Property values in Australian capital cities appear to be holding, for now at least, despite huge drops in market activity and consumer confidence brought about by the outbreak of, and response to, the COVID-19 pandemic.
According to the latest figures from CoreLogic, dwelling values were up 0.2% across the combined capitals and up 0.5% in the regional markets over the month of April, with only Hobart and Melbourne posting monthly falls.
Darwin was the best performer in April, up 1.7%, while values were flat in Canberra.
Despite this apparent resilience, however, CoreLogic head of research Tim Lawless cautioned that "although housing values were generally slightly positive over the month, the trend has clearly weakened since mid-to-late March, when social distancing policies were implemented and consumer sentiment started to plummet".
The national gain of 0.3% in April was less than half of March's gain, indicating a slowing pace of growth.
Similarly, Gareth Aid, CommBank Head of Australian Economics, said he suspected there were some "timing issues around the CoreLogic data and actual price action.
"Any lags should catch up in due course and we expect the upcoming price data to fall into line with other indicators of the property market," he said.
Despite Sydney and Melbourne property markets both performing very differently last month, Lawless argued that the two biggest cities "show a higher risk profile relative to other markets due to their large exposure to overseas migration as a source of housing demand, along with greater exposure to the downturn in foreign students, stretched housing affordability and already low rental yields that are likely to reduce further on the back of rising vacancy rates and lower rents”.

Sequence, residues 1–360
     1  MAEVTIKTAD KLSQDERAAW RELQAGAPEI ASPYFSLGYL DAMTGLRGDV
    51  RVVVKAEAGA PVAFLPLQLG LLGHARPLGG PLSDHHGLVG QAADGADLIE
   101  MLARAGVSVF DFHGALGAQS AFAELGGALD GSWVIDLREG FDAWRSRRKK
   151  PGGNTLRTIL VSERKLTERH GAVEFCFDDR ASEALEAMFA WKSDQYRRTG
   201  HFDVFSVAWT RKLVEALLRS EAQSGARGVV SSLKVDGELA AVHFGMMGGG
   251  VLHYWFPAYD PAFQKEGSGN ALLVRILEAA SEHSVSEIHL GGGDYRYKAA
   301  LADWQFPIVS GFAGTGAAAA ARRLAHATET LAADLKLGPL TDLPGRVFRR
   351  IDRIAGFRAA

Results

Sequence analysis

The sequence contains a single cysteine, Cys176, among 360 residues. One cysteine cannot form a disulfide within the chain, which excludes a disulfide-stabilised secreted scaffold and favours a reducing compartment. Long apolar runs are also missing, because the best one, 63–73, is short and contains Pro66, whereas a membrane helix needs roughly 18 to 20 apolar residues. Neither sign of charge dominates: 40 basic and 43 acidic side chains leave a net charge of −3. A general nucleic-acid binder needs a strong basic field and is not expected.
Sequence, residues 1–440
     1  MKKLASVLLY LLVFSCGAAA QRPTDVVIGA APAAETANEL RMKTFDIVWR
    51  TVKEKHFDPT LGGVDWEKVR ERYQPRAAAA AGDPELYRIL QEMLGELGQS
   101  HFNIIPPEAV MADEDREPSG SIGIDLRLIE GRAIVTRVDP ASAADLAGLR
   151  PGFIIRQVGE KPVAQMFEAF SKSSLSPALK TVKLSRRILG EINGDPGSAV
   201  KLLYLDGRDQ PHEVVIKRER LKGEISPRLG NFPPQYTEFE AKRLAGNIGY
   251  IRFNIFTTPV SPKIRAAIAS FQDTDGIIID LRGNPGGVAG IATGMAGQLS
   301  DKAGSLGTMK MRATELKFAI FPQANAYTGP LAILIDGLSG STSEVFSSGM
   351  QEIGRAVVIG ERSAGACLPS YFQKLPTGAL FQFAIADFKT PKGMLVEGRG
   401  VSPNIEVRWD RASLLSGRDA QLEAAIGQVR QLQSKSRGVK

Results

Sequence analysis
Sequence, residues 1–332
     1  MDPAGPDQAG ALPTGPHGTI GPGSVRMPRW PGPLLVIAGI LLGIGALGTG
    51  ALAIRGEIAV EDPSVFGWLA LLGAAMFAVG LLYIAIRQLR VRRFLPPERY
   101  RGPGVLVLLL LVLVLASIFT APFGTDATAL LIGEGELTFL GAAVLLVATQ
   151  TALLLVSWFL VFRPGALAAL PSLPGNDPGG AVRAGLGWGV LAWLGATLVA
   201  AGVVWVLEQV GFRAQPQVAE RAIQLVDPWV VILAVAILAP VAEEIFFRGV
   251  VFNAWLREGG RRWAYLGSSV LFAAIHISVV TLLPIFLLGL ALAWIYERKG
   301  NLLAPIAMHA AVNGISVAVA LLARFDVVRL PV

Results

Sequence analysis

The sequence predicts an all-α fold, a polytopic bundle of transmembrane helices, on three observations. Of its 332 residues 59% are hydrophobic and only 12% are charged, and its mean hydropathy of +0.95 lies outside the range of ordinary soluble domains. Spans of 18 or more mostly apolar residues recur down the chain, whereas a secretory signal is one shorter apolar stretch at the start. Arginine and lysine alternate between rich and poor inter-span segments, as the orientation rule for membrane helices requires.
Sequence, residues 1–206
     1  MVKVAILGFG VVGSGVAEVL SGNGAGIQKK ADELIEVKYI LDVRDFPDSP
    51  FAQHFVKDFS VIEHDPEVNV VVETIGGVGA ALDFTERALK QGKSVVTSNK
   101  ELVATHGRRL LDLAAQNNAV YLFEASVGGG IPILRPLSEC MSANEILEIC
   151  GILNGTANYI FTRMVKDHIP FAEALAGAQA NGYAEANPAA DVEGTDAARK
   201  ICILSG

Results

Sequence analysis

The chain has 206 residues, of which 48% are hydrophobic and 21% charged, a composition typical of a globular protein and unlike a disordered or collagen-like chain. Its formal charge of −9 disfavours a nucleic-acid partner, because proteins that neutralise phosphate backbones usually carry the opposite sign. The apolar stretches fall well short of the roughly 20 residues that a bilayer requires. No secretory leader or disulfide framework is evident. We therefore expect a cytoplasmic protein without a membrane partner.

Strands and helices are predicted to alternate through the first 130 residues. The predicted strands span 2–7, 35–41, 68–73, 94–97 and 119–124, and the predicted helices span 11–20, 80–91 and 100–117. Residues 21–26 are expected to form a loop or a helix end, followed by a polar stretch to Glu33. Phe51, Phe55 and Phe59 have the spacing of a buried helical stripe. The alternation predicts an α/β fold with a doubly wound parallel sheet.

Nevertheless, property values in Sydney have gone up 4.4% since 1 January 2020. And all other capitals, including Perth and Darwin, have posted positive year-to-date gains.
CoreLogic estimates the number of settled sales plunged by around 40% in April as wary buyers retreated and listing numbers dried up.
Auction withdrawals have also skyrocketed since March 25, when the federal government placed a ban on public real estate auctions. But Lawless suggested the much lower supply levels may have a silver lining for property prices.
“The reduction in advertised stock levels at a time of low demand is another factor that should help to insulate housing values from a more material downturn," he said.
Looking ahead, Aird was downbeat about the likely repercussions of COVID-19 on the property market. "Prices will fall sharply over the next six months. New lending is expected to contract, buyer expectations have adjusted downwards from exuberance to pessimism, rents are likely to fall, auction clearance rates are expected to remain weak and turnover will be lower than usual," he said.
"In addition, the usual underlying demand pulse from net overseas migration has evaporated because the border is shut. The net result means that price declines are inevitable.
"The extent to which prices fall will largely be determined by the magnitude of the lift in unemployment and the length of time that the government-imposed restrictions on day-to-day activity remain in play."